Phytohaemagglutinin (PHA) challenge
On 10 May 2010 (Day 56), tadpoles had developed to Gosner stages 30–40 (33.97 ± 0.45, mean ± SE) and we measured the immune response of the tadpoles from the Bd exposed and non-exposed treatments (n = 20 per treatment) by challenging their immune system with a single phytohaemagglutinin (PHA) injection (Sigma-Aldrich, St Louis, MO, USA). The mean and range of Gosner stages of tadpoles in the Bd exposed and non-exposed treatments was 34.62 (30–41) and 33.88 (30–41), respectively, and did not differ significantly. PHA is a lectin derived from the kidney bean, Phaseolus vulgaris, which represents a non-specific challenge to the immune system. Injection with PHA induces a swelling around the injection site that is likely due to infiltration of T lymphocytes and other immune effector cells. A larger inflammatory response to PHA indicates a more robust immune response.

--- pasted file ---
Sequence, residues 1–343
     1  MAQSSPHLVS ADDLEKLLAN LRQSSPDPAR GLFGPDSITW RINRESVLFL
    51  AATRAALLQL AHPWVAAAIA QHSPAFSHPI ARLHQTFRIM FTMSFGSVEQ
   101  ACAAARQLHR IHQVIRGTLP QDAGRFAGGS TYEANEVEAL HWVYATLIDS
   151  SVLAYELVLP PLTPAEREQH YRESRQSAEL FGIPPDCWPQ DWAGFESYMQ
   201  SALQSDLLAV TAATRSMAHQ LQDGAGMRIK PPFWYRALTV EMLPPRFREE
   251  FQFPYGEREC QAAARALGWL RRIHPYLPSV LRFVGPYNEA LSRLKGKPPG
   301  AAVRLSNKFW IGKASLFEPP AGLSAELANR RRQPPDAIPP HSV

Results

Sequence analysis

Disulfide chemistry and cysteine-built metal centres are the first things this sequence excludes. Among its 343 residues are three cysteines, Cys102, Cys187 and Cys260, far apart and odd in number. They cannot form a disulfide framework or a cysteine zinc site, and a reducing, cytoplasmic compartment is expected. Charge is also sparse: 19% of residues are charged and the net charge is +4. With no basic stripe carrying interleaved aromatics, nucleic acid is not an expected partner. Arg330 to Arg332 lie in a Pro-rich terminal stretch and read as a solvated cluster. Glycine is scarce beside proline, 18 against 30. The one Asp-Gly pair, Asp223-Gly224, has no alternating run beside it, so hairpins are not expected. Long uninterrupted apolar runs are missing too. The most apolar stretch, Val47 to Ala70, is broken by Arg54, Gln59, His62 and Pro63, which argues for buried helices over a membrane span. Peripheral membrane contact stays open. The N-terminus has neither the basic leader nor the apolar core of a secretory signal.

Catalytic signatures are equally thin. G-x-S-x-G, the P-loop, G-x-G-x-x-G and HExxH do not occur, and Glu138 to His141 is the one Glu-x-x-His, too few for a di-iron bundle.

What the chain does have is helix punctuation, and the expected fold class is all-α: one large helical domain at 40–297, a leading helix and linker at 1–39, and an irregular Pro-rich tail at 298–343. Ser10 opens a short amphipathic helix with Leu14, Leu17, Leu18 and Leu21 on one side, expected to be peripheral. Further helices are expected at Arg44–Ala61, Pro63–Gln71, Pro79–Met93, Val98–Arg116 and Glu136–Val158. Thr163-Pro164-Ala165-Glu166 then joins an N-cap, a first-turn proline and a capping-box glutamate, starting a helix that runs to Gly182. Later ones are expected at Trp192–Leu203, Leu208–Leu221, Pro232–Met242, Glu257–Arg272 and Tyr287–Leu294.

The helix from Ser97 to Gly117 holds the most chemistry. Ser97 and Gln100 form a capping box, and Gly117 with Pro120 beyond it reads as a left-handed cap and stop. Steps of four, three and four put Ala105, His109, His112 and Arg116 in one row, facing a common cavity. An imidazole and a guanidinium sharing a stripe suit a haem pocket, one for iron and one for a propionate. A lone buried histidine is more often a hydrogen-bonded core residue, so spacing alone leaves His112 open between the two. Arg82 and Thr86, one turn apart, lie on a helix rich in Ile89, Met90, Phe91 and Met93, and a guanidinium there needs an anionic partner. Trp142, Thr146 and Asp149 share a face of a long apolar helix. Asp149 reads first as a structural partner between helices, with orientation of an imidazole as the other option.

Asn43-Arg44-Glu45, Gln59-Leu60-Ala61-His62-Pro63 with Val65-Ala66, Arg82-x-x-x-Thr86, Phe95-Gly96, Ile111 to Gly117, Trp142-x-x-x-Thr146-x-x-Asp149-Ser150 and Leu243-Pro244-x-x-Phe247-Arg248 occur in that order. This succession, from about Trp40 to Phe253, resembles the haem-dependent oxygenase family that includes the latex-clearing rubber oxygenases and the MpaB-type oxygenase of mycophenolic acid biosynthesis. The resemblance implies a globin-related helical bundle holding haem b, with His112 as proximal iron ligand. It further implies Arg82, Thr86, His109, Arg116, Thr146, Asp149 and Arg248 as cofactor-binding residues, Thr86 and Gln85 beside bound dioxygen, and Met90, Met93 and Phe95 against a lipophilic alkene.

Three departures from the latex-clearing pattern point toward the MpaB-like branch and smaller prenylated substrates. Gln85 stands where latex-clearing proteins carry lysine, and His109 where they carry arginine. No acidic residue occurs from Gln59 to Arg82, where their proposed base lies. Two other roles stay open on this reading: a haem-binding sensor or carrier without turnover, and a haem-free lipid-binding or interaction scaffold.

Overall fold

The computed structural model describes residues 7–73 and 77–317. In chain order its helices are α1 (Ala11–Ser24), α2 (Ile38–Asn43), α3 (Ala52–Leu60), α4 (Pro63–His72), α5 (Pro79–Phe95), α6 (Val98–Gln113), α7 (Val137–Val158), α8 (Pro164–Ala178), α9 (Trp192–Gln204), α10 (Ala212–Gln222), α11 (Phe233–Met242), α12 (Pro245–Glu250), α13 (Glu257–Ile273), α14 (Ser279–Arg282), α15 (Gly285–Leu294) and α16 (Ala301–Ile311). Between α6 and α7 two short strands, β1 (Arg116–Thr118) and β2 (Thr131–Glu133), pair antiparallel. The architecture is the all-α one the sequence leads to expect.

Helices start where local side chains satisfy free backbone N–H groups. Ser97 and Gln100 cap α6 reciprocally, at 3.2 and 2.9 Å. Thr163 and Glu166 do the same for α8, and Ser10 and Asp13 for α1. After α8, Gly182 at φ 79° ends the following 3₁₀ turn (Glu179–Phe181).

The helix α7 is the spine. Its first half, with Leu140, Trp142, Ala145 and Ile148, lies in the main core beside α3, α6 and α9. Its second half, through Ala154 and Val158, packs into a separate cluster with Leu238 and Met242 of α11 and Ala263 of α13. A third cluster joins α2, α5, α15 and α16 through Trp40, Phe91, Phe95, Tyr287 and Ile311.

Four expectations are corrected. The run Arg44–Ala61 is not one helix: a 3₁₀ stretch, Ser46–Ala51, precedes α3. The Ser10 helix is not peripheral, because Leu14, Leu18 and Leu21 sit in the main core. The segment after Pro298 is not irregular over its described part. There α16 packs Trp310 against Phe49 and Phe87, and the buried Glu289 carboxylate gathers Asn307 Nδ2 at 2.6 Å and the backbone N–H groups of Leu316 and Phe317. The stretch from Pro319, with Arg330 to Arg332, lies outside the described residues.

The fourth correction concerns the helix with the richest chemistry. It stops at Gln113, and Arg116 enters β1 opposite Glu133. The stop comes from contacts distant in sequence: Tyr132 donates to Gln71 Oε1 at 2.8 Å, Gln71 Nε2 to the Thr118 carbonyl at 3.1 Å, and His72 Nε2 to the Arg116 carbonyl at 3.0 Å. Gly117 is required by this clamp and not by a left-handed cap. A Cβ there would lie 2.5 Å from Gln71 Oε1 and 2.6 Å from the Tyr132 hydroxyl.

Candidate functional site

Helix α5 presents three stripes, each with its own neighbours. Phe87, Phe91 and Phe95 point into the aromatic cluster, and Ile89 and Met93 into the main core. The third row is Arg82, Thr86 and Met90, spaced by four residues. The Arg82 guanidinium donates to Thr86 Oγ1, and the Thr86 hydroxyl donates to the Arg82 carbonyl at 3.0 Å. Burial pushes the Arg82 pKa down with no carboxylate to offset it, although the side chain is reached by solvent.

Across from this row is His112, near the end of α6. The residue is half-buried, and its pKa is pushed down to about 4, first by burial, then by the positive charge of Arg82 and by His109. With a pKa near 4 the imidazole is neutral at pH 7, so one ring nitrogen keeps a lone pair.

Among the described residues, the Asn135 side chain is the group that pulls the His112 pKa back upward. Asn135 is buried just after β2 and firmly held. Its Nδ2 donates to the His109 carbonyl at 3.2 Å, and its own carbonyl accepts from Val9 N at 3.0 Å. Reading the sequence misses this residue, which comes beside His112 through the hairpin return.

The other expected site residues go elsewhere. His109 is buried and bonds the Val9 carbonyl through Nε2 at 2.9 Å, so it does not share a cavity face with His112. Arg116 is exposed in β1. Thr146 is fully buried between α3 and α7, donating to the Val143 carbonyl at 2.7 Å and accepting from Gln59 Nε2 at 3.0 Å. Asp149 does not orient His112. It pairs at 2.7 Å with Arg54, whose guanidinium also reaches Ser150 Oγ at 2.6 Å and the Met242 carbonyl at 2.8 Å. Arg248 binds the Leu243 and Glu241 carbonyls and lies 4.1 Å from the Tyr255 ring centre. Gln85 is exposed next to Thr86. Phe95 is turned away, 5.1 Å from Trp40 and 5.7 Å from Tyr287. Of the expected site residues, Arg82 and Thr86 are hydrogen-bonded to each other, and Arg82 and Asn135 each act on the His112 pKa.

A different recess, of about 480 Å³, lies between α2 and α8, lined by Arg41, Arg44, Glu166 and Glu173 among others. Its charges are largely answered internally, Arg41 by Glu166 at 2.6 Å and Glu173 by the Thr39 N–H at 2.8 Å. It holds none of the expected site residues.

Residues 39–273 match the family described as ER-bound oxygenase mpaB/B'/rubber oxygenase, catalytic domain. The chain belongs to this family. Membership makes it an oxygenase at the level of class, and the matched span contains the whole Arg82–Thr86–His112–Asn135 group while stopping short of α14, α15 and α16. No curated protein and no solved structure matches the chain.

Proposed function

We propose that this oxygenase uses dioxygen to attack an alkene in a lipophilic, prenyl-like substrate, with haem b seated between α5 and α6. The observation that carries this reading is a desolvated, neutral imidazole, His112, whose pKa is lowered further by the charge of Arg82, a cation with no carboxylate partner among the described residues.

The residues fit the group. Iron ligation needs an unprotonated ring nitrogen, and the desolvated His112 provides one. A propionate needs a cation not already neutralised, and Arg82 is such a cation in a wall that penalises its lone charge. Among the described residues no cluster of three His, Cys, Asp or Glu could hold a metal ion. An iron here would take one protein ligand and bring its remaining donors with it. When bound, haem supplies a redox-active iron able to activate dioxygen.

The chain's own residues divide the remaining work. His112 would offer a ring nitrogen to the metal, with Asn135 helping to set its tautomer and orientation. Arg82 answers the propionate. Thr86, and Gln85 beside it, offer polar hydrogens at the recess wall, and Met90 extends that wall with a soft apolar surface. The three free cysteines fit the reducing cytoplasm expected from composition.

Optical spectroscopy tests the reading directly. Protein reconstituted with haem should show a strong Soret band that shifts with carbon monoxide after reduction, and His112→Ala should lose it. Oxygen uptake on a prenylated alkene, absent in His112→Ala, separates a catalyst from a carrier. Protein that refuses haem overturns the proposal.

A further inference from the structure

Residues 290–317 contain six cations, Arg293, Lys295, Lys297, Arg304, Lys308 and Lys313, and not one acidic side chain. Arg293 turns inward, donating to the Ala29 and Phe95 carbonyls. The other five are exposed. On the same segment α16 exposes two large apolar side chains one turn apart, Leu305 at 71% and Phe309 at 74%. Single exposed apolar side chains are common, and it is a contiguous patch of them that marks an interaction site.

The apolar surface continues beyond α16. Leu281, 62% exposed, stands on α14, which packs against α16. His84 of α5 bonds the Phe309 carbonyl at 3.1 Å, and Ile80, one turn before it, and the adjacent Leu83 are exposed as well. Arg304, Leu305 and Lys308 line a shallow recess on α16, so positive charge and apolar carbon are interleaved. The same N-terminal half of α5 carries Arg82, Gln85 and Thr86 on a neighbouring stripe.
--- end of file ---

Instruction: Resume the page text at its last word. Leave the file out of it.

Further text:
Prior to our PHA challenge, we made 1 L of amphibian phosphate-buffered saline (APBS) by adding the following ingredients to 1 L of sterilized (with a Whatman 25-mm GD/×0.2-μm pore filter) DI water: 6.6 g NaCL, 1.15 g Na2HPO4, 0.2 g KH2PO4. On 10 May 2010 (Day 56), we placed individual tadpoles in approximately 500 mL of MS222 (diluted to approximately 0.06 g/L) until the tadpole was anesthetized and lost righting ability. For accuracy, we made all measurements and injections under a Nikon® SMZ800 dissecting scope with ×10–60 magnification. We determined our injection location on each tadpole by measuring 20 mm from the posterior tip of the tail. At that location, we used a fine-gauged spessimeter (Mitutoyo; Precision Graphic Instruments, Spokane, WA, USA) to measure the thickness of the tail (skin and muscle) prior to the PHA injection. The average of three consecutive measurements was taken to minimize measurement error. We then injected 20 µl of a 1 mg/mL solution of PHA dissolved in APBS into the right side of each treated tadpole’s tail, at the junction of the tail and muscle using a 100-μL Hamilton glass syringe with a 30 G, 5/16′ disposable insulin needle. Contralateral injections of PHA were not possible given the size of anuran tadpoles. However, preliminary trials showed that the PHA dose we used elicited a measurable inflammatory response (0.427 ± 0.118, mean ± SE) that was significantly greater than that of tadpoles injected with APBS alone (0.080 ± 0.051, mean ± SE; P = 0.019). Data from a preliminary experiment showed that swelling response to PHA was greatest at 48 h post-injection. Accordingly, 48 h after the PHA, we anesthetized individual tadpoles and measured the skin swelling at the injection site as described previously. We considered the difference in skin swelling before and after injection as an indicator of the immune response in our analysis.